European Council and Parliament agree amendments to Solvency II and IRRD
The Council of the European Union and the European Parliament have announced provisional agreement on amendments to Solvency II and the Insurance Recovery and Resolution Directive (IRRD). The press release is available here.
The press release indicates that the reforms to Solvency II will boost long-term investment from (re)insurers in European businesses, particularly in relation to financing the green transition and the recovery from the Covid-19 pandemic. These statements have echoes of the reasons for the ‘Solvency UK’ reforms which promise to free up capital from UK (re)insurers by changes to the risk margin and matching adjustment, so that it can be invested in UK infrastructure and businesses, as part of the ‘Brexit dividend’.
The European (re)insurance industry will also welcome the indications that simplified and proportionate rules will reduce the administrative burden on low risk profile undertakings (i.e. small and non-complex insurers, which should hopefully include captive undertakings). For more detail on some of the key points from the amendments to Solvency II which emerged through the EU legislative process, see my previous post here.
On the IRRD, as expected, Member States will have to set up national insurance resolution authorities, either within existing competent authorities (but as independent departments separate from the supervisory functions) or as standalone legal entities. The resolution authorities will have a range of tools to deploy when faced insurers that are failing or likely to fail (such as solvent run-off, write down and conversion and transfer tools). The requirement for (re)insurance companies to draw up and submit pre-emptive recovery plans to national supervisory authorities has been reduced, as it will only apply to companies representing at least 60% of the respective (re)insurance market (down from 80%). How this will be reconciled with the existing Irish regulations for pre-emptive recovery planning for insurers remains to be seen.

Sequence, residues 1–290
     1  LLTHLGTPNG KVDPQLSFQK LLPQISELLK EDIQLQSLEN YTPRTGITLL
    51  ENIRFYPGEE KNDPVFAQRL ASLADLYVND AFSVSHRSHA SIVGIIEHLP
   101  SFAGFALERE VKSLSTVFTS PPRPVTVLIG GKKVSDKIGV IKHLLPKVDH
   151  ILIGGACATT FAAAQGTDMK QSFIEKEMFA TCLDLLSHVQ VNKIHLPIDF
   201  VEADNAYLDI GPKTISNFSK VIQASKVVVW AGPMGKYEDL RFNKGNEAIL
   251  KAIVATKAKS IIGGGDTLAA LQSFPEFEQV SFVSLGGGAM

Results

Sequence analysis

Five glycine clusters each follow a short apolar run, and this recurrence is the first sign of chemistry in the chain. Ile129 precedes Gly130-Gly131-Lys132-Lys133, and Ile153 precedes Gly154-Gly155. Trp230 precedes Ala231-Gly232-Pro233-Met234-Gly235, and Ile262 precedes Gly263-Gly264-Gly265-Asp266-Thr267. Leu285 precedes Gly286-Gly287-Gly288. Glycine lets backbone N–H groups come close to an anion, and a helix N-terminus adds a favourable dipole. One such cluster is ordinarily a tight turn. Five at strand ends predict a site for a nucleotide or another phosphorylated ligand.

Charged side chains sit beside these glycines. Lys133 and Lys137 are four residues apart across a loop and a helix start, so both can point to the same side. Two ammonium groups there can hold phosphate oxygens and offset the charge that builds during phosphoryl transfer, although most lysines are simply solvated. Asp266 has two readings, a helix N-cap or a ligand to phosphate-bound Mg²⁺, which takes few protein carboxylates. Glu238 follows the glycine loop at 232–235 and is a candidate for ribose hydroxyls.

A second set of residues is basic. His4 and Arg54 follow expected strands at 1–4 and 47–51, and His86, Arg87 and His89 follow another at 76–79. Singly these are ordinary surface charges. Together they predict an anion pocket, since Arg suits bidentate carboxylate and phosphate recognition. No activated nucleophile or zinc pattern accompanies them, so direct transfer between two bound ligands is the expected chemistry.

Similarly, resolution authorities will only have to draw up a resolution plan for (re)insurers representing at least 40% of their respective market (down from 70%). In more good news for low risk profile undertakings, the press release indicates small and non-complex undertakings will in principle not be subject to pre-emptive recovery planning requirements on an individual basis.
The deadline for Member States to implement the proposed amendments to Solvency II and the IRRD into national law is 1 January 2026.